substances capable of killing bacteria and other microorganisms. In the latter case, bactericides are distinguished as fungicides, which act on fungi; amoebicides, which kill amoebas; and so on. Bactericidal substances include compounds of varying chemical nature: phenol, mercury chloride, alcohol, formalin, hydrogen peroxide, antibiotics, and such gases as sulfur dioxide, ethylene oxide, and methyl bromide. The immune antibodies produced in the blood of animals and man are also bactericidal. Bactericidal substances quickly kill the vegetative cells of bacteria; bacterial spores are more difficult to destroy. The mechanism of action of bactericidal substances varies— some denature microbial protein, others attack certain enzyme systems, and so on. Since not all the microorganisms of a population are equally sensitive to these substances, the use of submaximal concentrations enables some of the microbes to survive (partial bactericidal capacity) and give rise to races resistant to bactericidal substances. Therefore the bactericidal substances must be administered in rather large doses when used in the treatment of disease. Their activity decreases in the presence of proteins (pus, serum, milk, and others). Bactericidal substances are used for purposes of sterilization—that is, as disinfectants or antiseptics—and for chemotherapy.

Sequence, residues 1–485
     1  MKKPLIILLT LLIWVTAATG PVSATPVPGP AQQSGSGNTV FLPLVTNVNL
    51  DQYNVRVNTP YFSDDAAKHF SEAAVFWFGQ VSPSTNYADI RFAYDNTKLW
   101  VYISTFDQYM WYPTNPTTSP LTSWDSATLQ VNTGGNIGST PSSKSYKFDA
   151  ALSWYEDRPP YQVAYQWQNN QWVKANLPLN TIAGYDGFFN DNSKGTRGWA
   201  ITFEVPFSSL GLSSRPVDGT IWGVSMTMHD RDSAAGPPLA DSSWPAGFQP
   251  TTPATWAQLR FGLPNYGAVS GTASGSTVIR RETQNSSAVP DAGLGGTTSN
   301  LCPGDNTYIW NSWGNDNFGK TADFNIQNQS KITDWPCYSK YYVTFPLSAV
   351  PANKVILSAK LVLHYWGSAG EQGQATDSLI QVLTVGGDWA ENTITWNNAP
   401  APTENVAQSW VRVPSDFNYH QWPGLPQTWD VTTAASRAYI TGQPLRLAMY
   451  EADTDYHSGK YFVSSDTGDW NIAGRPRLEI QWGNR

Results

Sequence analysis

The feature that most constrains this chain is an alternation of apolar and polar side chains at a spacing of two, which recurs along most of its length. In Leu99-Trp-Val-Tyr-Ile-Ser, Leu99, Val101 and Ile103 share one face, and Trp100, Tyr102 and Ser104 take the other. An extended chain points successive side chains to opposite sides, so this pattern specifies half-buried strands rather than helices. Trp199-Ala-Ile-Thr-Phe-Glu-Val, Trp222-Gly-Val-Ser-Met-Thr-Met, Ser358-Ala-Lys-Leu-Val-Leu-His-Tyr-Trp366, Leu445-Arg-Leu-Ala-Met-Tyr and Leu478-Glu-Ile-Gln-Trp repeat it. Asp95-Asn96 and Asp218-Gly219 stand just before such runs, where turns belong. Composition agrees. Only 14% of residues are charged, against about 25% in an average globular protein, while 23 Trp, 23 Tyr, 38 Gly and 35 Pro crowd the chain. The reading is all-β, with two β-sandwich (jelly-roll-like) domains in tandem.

A. A. IMSHENETSKII